Multiple 1000 hz carrier pulses occur at 100 hz.
                                  Multiple 1000 hz carrier pulses occur at 40 hz.

Our Experimental 40 hz type waveform is achieved by turning the 909 hz signal on briefly for only 2 full +/- AC waves.  The microprocessor sends the 909 hz waveforms at 40 hz.  This should work for the usual 100 hz waveform applications too.

0.5 Hz Stimulation Wave

The standard 0.5 hz waveform is achieved by working with the 909 hz (2 waves only) waveform that is being turned on and off at 100 hz.  Picture the above waveform appearing and disappearing and then appearing. This is like a 100 hz CES wave.  This CES-like wave is turned on for 1 second and off for one second. This is perceived as a vibration of the earlobes for one second followed by no sensation for one second.

14.3 Hz Stimulation Wave

The 14.3 hz waveform is achieved by working with the 909 hz (2 waves only) waveform that is being turned on and off at 14.3 hz.

Optimizations: We used an 909 Hz carrier because the transformer  resonated more easily at that frequency.   We also wanted to reach 2.5 mA stimulation max going into a 10K head resistance load.  It should be noted that head resistance as measured between the ears ranges from 10 kilohms to 30 kilohms.

These waveforms are released under the GPL3 open source licence.   Therefore these waves cannot be patented.  Researchers can be sure that their work will not get patented.   The provisional patent will be abandoned by me if there are no patent disputes during 2014.   I want to be sure these waveforms are in the public domain.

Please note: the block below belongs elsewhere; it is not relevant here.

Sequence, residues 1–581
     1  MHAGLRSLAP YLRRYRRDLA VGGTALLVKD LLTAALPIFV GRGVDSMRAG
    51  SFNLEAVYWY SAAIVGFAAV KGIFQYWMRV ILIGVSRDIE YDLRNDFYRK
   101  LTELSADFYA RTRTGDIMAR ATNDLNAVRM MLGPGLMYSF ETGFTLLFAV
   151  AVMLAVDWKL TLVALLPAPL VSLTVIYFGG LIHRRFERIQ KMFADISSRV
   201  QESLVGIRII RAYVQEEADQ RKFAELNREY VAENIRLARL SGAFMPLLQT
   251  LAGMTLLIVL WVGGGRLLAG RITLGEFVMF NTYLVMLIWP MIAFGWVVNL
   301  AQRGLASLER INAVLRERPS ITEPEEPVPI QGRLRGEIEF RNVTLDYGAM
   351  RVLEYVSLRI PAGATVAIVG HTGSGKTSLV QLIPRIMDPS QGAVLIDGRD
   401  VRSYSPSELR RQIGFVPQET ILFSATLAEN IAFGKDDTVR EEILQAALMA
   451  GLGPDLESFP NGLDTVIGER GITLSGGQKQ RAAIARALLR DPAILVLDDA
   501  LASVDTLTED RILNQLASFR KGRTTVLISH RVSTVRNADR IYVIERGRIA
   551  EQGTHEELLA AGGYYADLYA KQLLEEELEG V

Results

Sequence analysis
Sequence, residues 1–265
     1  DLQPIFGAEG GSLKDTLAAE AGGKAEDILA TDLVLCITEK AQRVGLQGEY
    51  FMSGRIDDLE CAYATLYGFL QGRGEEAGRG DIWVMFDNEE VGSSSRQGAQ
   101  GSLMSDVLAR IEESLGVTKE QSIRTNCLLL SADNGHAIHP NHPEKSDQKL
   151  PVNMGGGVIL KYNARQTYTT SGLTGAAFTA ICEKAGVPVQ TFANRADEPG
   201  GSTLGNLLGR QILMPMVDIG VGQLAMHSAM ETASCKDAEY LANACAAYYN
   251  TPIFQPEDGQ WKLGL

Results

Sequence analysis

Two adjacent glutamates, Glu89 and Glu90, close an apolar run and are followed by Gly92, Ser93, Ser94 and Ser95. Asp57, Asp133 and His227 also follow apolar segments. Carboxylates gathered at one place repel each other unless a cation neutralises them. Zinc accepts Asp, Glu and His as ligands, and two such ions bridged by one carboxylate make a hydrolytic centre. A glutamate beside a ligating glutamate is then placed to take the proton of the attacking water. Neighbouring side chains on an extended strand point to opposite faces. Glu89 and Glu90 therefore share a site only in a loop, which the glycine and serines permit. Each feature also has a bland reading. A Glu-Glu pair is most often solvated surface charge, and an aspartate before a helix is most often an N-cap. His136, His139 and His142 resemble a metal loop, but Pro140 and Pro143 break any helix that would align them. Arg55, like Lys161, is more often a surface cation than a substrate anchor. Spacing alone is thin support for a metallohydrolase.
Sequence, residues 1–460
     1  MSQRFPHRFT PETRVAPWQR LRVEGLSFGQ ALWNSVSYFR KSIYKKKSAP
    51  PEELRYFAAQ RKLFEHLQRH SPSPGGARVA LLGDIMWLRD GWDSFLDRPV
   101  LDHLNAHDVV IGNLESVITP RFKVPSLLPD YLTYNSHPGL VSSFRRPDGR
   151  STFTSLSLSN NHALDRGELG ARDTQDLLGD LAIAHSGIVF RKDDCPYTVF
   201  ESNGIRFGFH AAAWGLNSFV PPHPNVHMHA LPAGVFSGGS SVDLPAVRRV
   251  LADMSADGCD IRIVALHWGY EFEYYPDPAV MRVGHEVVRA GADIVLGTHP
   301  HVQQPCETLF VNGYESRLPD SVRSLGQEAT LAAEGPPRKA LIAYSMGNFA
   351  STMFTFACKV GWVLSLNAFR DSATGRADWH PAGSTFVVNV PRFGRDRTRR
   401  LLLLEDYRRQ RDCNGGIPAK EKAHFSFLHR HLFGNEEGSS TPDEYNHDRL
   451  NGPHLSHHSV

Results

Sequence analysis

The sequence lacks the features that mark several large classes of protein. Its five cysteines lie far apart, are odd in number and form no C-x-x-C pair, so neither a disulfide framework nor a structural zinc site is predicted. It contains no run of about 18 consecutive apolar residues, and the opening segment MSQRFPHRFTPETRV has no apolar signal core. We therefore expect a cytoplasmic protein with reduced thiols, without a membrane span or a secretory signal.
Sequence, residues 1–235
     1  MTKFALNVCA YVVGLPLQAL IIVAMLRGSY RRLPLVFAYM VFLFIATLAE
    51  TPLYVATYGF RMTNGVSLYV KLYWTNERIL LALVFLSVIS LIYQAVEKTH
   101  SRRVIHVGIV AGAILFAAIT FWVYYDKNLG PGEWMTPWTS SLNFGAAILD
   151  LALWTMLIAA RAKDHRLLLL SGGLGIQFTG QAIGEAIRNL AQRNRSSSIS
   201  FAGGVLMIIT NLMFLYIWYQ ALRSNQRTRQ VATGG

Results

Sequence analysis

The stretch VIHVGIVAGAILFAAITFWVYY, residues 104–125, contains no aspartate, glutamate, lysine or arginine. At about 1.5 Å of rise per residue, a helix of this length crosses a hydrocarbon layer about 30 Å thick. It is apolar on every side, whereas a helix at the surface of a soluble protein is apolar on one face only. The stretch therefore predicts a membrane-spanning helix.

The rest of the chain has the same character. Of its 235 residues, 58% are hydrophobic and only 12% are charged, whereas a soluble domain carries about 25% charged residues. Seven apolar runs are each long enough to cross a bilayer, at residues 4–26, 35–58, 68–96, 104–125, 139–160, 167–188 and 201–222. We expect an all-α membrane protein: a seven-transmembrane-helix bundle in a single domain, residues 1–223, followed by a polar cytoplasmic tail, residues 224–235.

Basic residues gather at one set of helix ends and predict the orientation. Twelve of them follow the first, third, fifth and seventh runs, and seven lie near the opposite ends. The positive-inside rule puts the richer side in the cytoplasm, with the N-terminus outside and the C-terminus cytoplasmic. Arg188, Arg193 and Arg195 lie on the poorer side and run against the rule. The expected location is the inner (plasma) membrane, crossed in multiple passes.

CES Waveform Provisional Patent to establish date for GPL3.
CES 1000 hz Trigger Waveform Provisional Patent to establish date for GPL3.
Harmonic CES 40 Hertz Provisional Patent.
Harmonic CES 40 Hertz Provisional Patent.

People are welcome to use the above waveforms in their designs without permission as long as they include the above description in their manual plus the GPL3 licence.    Enjoy the concept in your designs!

If you write to isoutar@gmail.com you will receive the source code in C format for each waveform.   It will be published on the site soon.

Ian Soutar,

Microsec R&D Inc.,
Vancouver Island.

http://microsec.net

 

About 

Ian Soutar worked for the National Research Council in Ottawa instrumenting solar energy collection systems. He founded Microsec R&D in 1986 to provide product design services for inventors and industry.

Ian is responsible for microcontroller based products and signal processing / control systems.

Past designs include a virtual reality fishing machine, a portable DNA analysis machine, a pocket-sized cardiogram device, spread spectrum radio tranceivers and a number of robotic industrial inspection devices. Starting in 2005 he has been doing work for the University of Victoria (UVic) in the field of robotic fish and a bionic inner ear.

From 2009-2012 he provided electronic assistance in the Mechatronics Program at UVic which offers real world industrial projects to students.

Currently Microsec R&D Inc. is doing manufacturing of their own products for relieving stress and helping with relaxation.

Ian has received 6 patents for his designs.